In the wake of increased instants of crimes against women on the internet, especially social media, experts have recommended introducing a new cybersecurity law. The suggestions were made by technology lawyers and cybercrime experts during a consultation held by the National Commission for Women (NCW).
Amid the COVID-19 nationwide lockdown, there was a significant increase in cybercrime against women. The NCW had pointed out in May that they received a total of 54 cybercrime complaints were received online in April in comparison to 37 complaints received online and by post in March, and 21 complaints in February. The Akancha Foundation, as per various reports, received a total of 412 genuine complaints of cyber abuse from March 25 to April 25. Out of these, as many as 396 complaints were of serious nature from women. It ranged from abuse, indecent exposure, unsolicited obscene pictures, threats, malicious emails claiming their account was hacked, ransom demands and blackmail etc.
Akancha Srivastava, founder of Akancha Foundation, had earlier said that men are morphing images and threatening women. “There is a whole racket going on where women are getting these emails that your phone and laptop has been hacked, and if you don’t deposit money on my account, I will send your morphed images, and share it with all your contacts,” Srivastava said.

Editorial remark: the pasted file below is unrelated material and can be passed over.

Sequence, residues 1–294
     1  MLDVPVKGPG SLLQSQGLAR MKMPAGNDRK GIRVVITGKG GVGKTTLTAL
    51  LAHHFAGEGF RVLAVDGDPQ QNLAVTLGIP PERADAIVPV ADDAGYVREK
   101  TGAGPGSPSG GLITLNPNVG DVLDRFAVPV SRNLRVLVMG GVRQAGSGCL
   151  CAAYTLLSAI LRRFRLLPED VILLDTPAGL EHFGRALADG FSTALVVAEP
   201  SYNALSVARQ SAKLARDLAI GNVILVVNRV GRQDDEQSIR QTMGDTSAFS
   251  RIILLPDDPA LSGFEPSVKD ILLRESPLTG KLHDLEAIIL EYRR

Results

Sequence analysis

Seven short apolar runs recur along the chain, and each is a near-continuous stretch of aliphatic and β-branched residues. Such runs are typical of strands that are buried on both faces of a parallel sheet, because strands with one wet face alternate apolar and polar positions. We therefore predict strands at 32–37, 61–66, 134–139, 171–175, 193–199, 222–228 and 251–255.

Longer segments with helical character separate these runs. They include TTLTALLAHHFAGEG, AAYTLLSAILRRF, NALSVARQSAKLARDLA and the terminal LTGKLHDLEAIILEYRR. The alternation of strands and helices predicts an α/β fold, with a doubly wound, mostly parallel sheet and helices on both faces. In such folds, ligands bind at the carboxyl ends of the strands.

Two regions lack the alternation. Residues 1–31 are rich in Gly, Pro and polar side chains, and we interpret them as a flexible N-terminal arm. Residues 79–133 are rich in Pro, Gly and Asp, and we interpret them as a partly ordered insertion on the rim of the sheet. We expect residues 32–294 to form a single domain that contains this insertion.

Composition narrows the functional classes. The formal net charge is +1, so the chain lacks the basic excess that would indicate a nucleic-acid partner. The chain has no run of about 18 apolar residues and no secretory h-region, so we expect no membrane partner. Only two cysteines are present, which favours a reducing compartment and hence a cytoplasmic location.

Pavan Duggal, cyber law expert, said India needs dedicated legal provisions for protecting women in cyberspace, and data related to women needs to be specifically protected. “I propose amendments to the IT Act, suggested special protection of women data in the Personal Data Protection Bill and bringing in a new cyber security law,” he said. “The current provisions of the IT Act are not adequate. Section 67, 67A and 67B don’t specifically cover grooming and handholding of women on the Internet for sex crimes.”
Vrinda Bhandari, Supreme Court lawyer, said the government needs to amend existing laws such as Sections 67 and 67A and remove the moralizing framework of the law and introduce the element of consent. “Instead of bringing in a new law, we should look at reforming the current law. Bad implementation of current laws in the problem,” Bhandari said. “We need to focus on gender sensitization and police training. We should also get away from a moralizing framework.”
Sections 67, 67A of the IT Act specifically deal with cybercrime related to pornography. Section 67B provides punishment for publishing or transmitting of material depicting explicit act in electronic form.
Rakshit Tandon, cybersecurity expert and consultant, Internet and Mobile Association of India, suggested central coordination between the state police, whilst academicians suggested more cyber forensic laboratories, improving the justice delivery system, and better training of police personnel.
The NCW is expected to consolidate the recommendations and submit it to the government.